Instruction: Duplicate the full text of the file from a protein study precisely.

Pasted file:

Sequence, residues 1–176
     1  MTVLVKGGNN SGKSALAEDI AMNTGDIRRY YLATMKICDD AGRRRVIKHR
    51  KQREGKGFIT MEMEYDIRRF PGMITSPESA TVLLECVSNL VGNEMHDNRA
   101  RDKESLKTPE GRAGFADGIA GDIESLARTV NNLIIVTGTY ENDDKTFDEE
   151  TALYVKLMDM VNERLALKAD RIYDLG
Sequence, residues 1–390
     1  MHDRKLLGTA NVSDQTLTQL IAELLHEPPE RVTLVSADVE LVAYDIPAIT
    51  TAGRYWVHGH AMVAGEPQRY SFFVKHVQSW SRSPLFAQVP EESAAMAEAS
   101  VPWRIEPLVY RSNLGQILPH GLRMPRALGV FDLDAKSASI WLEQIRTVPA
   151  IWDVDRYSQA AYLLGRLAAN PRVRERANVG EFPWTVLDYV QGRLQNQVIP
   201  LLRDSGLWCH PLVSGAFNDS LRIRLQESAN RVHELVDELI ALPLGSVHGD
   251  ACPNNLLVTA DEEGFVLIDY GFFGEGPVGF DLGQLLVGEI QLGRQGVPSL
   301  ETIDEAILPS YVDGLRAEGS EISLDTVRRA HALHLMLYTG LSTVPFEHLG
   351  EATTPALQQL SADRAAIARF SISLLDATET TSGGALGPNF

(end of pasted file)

Sequence, residues 1–176
     1  MTVLVKGGNN SGKSALAEDI AMNTGDIRRY YLATMKICDD AGRRRVIKHR
    51  KQREGKGFIT MEMEYDIRRF PGMITSPESA TVLLECVSNL VGNEMHDNRA
   101  RDKESLKTPE GRAGFADGIA GDIESLARTV NNLIIVTGTY ENDDKTFDEE
   151  TALYVKLMDM VNERLALKAD RIYDLG
Sequence, residues 1–390
     1  MHDRKLLGTA NVSDQTLTQL IAELLHEPPE RVTLVSADVE LVAYDIPAIT
    51  TAGRYWVHGH AMVAGEPQRY SFFVKHVQSW SRSPLFAQVP EESAAMAEAS
   101  VPWRIEPLVY RSNLGQILPH GLRMPRALGV FDLDAKSASI WLEQIRTVPA
   151  IWDVDRYSQA AYLLGRLAAN PRVRERANVG EFPWTVLDYV QGRLQNQVIP
   201  LLRDSGLWCH PLVSGAFNDS LRIRLQESAN RVHELVDELI ALPLGSVHGD
   251  ACPNNLLVTA DEEGFVLIDY GFFGEGPVGF DLGQLLVGEI QLGRQGVPSL
   301  ETIDEAILPS YVDGLRAEGS EISLDTVRRA HALHLMLYTG LSTVPFEHLG
   351  EATTPALQQL SADRAAIARF SISLLDATET TSGGALGPNF